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America answer appear authority believe bill body British brought called cause character charge common conduct consequence consider constitution corrupt court crimes crown death debt defendant direct duty effect England English established evidence existence express fact feel force Gentlemen give given hands Hastings honorable hope House of Commons human India intention interest judge justice King kingdom learned less letter liberty look lords manner matter means measure ment mind ministers nature necessary never object opinion oppression parliament passed perhaps persons political present prince principles prisoner proceedings protection prove question reason received reform regard repeal society speak spirit stand statute suffer supposed taken things thought thousand tion true trust whole wish
Page 475 - The more they multiply, the more friends you will have; the more ardently they love liberty, the more perfect will be their obedience. Slavery they can have anywhere. It is a weed that grows in every soil. They may have it from Spain, they may have it from Prussia. But until you become lost to all feeling of your true interest and your natural dignity, freedom they can have from none but you. This is the commodity of price of which you have the monopoly.
Page 107 - ... to dive into the depths of dungeons ; to plunge into the infection of hospitals; to survey the mansions of sorrow and pain ; to take the gauge and dimensions of misery, depression, and contempt; to remember the forgotten, to attend to the neglected, to visit the forsaken, and compare and collate the distresses of all men in all countries.
Page 475 - ... is in the close affection which grows from common names, from kindred blood, from similar privileges, and equal protection. These are ties, which, though light as air, are as strong as links of iron. Let the colonies always keep the idea of their civil rights associated with your government ; they will cling and grapple to you ; and no force under heaven will be of power to tear them from their allegiance.
Page 36 - To overrun them with the mercenary sons of rapine and plunder ; devoting them and their possessions to the rapacity of hireling cruelty ! If I were an American, as I am an Englishman, while a foreign troop was landed in my country, I never would lay down my arms — never — never — never...
Page 347 - ... devout prayer to that eternal Spirit who can enrich with all utterance and knowledge, and sends out his seraphim, with the hallowed fire of his altar, to touch and purify the lips of whom he pleases...
Page 348 - Methinks I see in my mind a noble and puissant nation rousing herself, like a strong man after sleep, and shaking her invincible locks; methinks I see her as an eagle mewing her mighty youth, and kindling her undazzled eyes at the full midday beam...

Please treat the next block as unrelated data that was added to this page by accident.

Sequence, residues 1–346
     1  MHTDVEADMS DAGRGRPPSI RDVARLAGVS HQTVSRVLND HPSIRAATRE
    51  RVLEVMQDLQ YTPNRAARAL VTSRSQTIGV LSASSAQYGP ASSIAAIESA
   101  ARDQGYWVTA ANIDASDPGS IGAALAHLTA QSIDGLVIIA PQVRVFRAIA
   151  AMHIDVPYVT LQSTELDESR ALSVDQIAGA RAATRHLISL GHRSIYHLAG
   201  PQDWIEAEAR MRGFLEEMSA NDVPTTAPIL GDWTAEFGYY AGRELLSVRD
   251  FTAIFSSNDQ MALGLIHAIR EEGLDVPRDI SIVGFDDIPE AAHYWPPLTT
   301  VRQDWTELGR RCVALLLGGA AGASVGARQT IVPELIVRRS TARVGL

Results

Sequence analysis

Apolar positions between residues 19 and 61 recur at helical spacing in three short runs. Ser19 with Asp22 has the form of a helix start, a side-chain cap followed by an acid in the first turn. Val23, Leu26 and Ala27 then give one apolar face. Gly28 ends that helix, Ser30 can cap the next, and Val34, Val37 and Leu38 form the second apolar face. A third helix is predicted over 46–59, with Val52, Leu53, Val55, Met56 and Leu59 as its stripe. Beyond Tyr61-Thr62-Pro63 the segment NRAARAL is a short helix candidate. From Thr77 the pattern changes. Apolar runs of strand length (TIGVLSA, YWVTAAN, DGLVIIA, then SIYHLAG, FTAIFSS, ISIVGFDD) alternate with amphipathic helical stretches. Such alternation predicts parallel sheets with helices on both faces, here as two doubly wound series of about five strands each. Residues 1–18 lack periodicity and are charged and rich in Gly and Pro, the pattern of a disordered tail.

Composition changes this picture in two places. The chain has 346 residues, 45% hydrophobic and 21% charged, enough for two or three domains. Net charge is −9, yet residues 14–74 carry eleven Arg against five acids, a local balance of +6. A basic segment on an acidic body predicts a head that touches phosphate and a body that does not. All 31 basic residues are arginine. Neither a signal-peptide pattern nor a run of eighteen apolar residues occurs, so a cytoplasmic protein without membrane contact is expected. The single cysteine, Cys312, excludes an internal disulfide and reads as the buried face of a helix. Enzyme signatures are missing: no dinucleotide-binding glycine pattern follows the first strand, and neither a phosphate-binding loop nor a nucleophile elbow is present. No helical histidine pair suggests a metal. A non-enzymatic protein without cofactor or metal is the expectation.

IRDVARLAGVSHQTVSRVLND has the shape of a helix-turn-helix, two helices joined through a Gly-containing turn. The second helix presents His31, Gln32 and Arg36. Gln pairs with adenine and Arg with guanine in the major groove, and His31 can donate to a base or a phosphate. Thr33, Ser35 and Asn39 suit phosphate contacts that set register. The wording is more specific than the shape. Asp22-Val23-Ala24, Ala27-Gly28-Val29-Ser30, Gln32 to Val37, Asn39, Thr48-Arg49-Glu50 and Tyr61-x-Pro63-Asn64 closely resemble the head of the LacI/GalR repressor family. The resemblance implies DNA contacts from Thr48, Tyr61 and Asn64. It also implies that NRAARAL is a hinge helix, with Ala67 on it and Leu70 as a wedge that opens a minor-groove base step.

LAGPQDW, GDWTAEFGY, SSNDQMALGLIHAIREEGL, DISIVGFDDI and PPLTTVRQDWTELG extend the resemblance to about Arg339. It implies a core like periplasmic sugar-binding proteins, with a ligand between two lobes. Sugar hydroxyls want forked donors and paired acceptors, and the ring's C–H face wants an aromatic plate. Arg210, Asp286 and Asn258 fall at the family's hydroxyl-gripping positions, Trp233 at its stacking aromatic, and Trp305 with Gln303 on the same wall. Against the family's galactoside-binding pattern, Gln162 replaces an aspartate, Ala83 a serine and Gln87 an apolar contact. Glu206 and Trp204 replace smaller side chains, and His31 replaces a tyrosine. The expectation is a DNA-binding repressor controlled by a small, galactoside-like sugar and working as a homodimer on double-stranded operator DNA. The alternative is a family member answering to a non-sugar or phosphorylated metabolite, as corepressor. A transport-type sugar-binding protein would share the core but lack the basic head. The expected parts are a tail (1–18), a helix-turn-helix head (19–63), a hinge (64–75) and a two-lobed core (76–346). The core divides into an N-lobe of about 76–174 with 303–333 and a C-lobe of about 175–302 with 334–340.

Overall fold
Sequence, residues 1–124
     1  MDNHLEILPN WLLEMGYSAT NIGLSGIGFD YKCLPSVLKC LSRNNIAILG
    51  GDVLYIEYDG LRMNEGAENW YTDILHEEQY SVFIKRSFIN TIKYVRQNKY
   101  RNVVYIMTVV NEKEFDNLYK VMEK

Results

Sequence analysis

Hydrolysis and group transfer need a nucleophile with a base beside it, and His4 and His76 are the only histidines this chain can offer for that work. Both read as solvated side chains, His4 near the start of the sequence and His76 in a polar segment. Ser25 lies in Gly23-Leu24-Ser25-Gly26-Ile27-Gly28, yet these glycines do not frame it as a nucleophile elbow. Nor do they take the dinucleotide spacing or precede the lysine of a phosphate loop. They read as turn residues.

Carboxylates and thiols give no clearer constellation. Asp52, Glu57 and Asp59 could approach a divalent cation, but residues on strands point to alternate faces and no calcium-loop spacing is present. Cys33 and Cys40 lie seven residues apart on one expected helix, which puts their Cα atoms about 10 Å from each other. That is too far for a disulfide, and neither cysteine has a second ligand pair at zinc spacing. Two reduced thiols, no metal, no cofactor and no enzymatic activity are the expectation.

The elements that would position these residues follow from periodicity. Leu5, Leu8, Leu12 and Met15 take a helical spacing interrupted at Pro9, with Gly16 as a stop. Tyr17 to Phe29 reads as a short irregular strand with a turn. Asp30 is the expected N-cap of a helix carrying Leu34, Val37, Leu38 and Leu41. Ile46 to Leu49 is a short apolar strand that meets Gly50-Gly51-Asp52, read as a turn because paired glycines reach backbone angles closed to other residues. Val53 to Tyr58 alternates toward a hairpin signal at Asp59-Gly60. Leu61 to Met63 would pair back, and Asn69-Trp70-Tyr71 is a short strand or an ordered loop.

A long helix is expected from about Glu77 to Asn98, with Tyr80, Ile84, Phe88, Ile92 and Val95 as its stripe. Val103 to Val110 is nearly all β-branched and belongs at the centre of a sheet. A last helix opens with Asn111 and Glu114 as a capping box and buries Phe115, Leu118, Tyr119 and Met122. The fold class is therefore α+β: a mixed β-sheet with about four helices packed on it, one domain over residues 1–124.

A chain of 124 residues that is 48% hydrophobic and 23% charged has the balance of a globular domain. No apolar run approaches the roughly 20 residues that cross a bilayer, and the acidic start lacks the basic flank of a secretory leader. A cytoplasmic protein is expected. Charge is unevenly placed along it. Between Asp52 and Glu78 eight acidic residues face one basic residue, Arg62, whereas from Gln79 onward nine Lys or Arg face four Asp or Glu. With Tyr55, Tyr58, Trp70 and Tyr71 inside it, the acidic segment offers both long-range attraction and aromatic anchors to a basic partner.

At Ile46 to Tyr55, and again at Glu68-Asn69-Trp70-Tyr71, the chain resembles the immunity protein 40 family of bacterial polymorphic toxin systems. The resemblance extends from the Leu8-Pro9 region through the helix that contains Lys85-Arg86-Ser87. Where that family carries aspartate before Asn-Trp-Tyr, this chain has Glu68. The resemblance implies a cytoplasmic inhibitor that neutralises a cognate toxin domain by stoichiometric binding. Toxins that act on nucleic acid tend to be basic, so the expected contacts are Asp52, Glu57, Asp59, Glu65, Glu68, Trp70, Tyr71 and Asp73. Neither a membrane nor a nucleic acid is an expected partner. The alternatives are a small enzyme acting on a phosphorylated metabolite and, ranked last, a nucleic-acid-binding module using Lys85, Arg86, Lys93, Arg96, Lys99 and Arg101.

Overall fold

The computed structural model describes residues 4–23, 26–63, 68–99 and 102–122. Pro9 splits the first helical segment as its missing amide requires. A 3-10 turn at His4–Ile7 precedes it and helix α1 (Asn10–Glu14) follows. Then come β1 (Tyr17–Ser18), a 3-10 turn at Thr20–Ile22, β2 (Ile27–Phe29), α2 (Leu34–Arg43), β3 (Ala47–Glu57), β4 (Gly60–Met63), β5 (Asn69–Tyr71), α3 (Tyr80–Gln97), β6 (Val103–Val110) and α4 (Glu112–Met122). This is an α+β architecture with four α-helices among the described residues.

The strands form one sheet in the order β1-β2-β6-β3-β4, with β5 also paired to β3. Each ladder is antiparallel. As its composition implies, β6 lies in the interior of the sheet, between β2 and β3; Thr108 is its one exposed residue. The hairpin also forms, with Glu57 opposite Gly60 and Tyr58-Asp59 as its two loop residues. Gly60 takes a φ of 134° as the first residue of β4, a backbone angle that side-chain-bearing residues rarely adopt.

Page 42 - That God and nature put into our hands !' I know not what ideas that lord may entertain of God and nature ; but I know that such abominable principles are equally abhorrent to religion and humanity. — What ! to attribute the sacred sanction of God and nature to the massacres of the Indian scalping-knife — to the cannibal savage torturing, murdering...
Page 88 - Here this extraordinary man, then Chancellor of the Exchequer, found himself in great straits. To please universally was the object of his life, but to tax and to please, no more than to love and to be wise, is not given to men.
Page 321 - Warren Hastings has not left substance enough in India to nourish such another delinquent. " My lords, is it a prosecutor you want ? You have before you the Commons of Great Britain as prosecutors ; and I believe, my lords, that the sun in his beneficent progress round the world does not behold a more glorious sight than that of men, separated from a remote people by the material bounds and barriers of nature, united by the bond of a social and moral community — all the Commons of England resenting...
Page 90 - When this child of ours wishes to assimilate to its parent, and to reflect with a true filial resemblance the beauteous countenance of British liberty; are we to turn to them the shameful parts of our Constitution? Are we to give them our weakness for their strength; our opprobrium for their glory; and the slough of slavery, which we are not able to work off, to serve them for their freedom?